Whistle Down the Wind
Jan 9, 2012
I’ve been searching on the Internet wondering why I can’tfind a DVD of my all-time favorite movie, Whistle Down the Wind, starringHayley Mills. If you haven’t seen it, you must sign the petition (I have yet to create) to get somebody on the US side of cinema production to get this fantastic film transferred onto media that we can view on equipment this side of the Atlantic!
Whistle Down the Wind is the story of three children fromYorkshire England who find an escaped convict in their barn and think he’s Jesus Christ. It was the first film of director Bryan Forbes, produced in 1961 by Richard Attenborough and based on the novel by Hayley’s mother, Mary Hayley Bell. One of the first things I love about it is that it is filmed in black and white -- which gives it that je ne sais quoi -- the contrast of stone walls and bare trees of the farmland, the stone buildings and dirt roads of the village, coupled with the look and charming Yorkshire accents of the people. Movies of this genre stimulate in me what I can only describe as a kind ancestral aching and longing for the United Kingdom and Ireland.
The opening shot could be from an Alfred Hitchcockthriller -- we see a crooked farm path along a hillside, with gnarly rocks and trees, and the back of a man walking away from the camera. He carries a sack and three children follow behind watching his movements. He comes to a small pond and throws the sack in. The children hide and wait until he leaves and they retrieve the sack, which contains three kittens. They put the kittens under their coats and walk into the village where a small band of Salvation Army missionaries are witnessing to a few villagers. In this scene, Charles, the younger brother, looks at the preacher woman and asks in his thick, stuff-nosed, Yorkshire accent, “Do you want a kitten? It isn’t dead.” She says she can’t take the kitten but Charles explains how the mother cat keeps having them and his dad doesn’t want them and keeps trying to have them drowned, so the children are trying to find homes for them. The missionary assures Charles that Jesus will take care of his kitten.
The children hide the kittens in the barn and later whenKathy (Hayley Mills) goes back to check on them she sees a bearded man sleeping in the hay. Shocked, she retreats, gasping, “Who is it?” And the man, who is a wounded, escaped prisoner hiding in their barn mumbles, “Jesus Christ”, when he sees her and collapses. She concludes that Jesus has come back and is in their barn.
Before bed Kathy confides this to her younger sister, Nan.At breakfast the next day the girls try to sneak food to Jesus. Charles gets miffed that he’s not in on their secret and calls them both “rotten cows”. His dried up aunty who is serving breakfast thumps him on the back of the head and says, “Watch your mouth!” When she walks back into the kitchen he grumbles very realistically, “It’s always me what gets it.” His facial expressions are just real. All three children are believable as siblings, their reactions and the delivery of their lines is hilarious -- but not in the obvious manner of Disney films, or the less subtle sorts of humor common in movies such as Home Alone. Thesekids are respectful to the adults and yet they do what they think that they have to do to take responsibility for the situation they face. They cope in the adult controlled environment while trying to follow their honest and innocent consciences.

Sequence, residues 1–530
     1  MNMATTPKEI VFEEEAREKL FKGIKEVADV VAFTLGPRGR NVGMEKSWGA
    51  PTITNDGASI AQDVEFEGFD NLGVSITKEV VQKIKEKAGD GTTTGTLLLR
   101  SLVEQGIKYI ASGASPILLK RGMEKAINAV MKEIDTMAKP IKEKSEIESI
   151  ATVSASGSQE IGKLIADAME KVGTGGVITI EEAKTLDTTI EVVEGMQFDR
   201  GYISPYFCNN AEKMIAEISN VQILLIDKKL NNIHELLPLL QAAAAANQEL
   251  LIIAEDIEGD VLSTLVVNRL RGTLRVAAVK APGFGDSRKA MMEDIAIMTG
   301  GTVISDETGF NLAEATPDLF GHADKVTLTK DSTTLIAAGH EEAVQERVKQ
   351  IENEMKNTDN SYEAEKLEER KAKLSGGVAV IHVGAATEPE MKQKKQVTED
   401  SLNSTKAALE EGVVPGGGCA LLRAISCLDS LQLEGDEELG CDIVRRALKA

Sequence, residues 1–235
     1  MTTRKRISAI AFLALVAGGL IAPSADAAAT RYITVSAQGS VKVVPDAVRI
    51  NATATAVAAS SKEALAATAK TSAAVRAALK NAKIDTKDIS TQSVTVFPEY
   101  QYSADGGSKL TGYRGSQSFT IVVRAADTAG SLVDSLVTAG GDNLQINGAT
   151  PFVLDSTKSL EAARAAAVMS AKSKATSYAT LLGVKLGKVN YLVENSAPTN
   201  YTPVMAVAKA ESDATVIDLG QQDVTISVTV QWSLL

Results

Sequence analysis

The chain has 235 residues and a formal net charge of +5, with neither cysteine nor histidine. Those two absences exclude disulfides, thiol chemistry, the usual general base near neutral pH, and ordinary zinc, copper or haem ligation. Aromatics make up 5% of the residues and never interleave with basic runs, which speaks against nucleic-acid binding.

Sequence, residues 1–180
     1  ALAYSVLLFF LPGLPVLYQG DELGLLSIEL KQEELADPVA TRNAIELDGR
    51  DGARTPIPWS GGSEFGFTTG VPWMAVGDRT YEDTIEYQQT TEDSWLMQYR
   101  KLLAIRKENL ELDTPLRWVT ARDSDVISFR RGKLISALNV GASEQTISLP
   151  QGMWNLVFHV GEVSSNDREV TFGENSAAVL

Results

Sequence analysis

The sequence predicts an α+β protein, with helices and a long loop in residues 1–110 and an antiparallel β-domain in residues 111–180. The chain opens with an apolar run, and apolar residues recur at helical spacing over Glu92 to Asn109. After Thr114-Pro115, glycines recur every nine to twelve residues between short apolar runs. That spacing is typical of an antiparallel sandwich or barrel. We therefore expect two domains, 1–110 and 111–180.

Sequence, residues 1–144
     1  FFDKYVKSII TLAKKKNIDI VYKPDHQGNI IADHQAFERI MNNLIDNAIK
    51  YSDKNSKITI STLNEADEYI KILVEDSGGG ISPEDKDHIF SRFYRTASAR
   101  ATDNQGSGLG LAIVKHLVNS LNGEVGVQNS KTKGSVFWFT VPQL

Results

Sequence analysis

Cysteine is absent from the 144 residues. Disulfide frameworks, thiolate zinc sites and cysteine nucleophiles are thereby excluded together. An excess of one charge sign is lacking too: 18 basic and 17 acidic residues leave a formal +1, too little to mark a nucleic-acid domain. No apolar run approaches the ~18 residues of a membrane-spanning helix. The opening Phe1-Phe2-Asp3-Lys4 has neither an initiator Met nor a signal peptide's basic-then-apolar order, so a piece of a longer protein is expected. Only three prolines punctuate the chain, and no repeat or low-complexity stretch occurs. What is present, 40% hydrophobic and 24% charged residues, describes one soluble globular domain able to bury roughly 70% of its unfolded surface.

I love the depiction of daily life in this movie too. Thehomely scenes at tea, with the family seated around the table eating slices of homemade bread from china plates and drinking their tea from china cups -- the table set with potatoes, meat on the bone, slices of cake, butter and homemade jam -- their knitted wool sweaters and parlor furnished with overstuffed chairs, doilies and fireplace. The whole feeling of the time is so different from now.
The sisters manage to keep Jesus a secret from Charles atfirst but when he runs into the barn and finds his sisters looking at the man sleeping, Charles is in on the secret too. They run from the barn onto a faraway, bare hillside and then comes the perfect moment in Malcolm Arnold’s score where he intersperses the Carole, “We Three Kings”.
Charles gives his kitten to Jesus thinking it will becared for, and loses faith when he finds the kitten dead. Kathy says Jesus has his reasons. She takes Charles to the vicar and asks him why God lets some things die. The vicar gives a vague answer that segues into a lecture on children committing vandalism. Charles listens while sucking a bottle of soda pop through a straw. He takes Kathy’s hand as they leave and says with insight and resolve, “He doesn’t know, does he?”
Later Charles leaks the secret about hiding Jesus in thebarn to the other children at school and then a group follows them home. The utterly sincere faith of the children is heartbreaking. Hayley Mills’ performance is passionate and emotional. Her loving devotion moves the heart of the convict in an understated performance by then newcomer, Alan Bates. When the police finally close in at the end and bring him out of the barn, he holds his arms out in the position of the cross, while they frisk him. The faithful children gather and watch while the adults seem to drag Jesus off to be crucified again. Two little ones show up after he’s gone and Kathy reassures them saying, “Don’t worry, he’ll come again.” The sweetness of this moment is handled with subtlety and reserve
Bernard Lee, who later appeared in James Bond movies,plays the father. Many local village children appeared as well. I read that the village just celebrated the 50th anniversary of the making of the movie and many of the players came to celebrate. This epitomizes the type of wonderful old British, black and white film I watched with my mother on television on many a Sunday afternoon.
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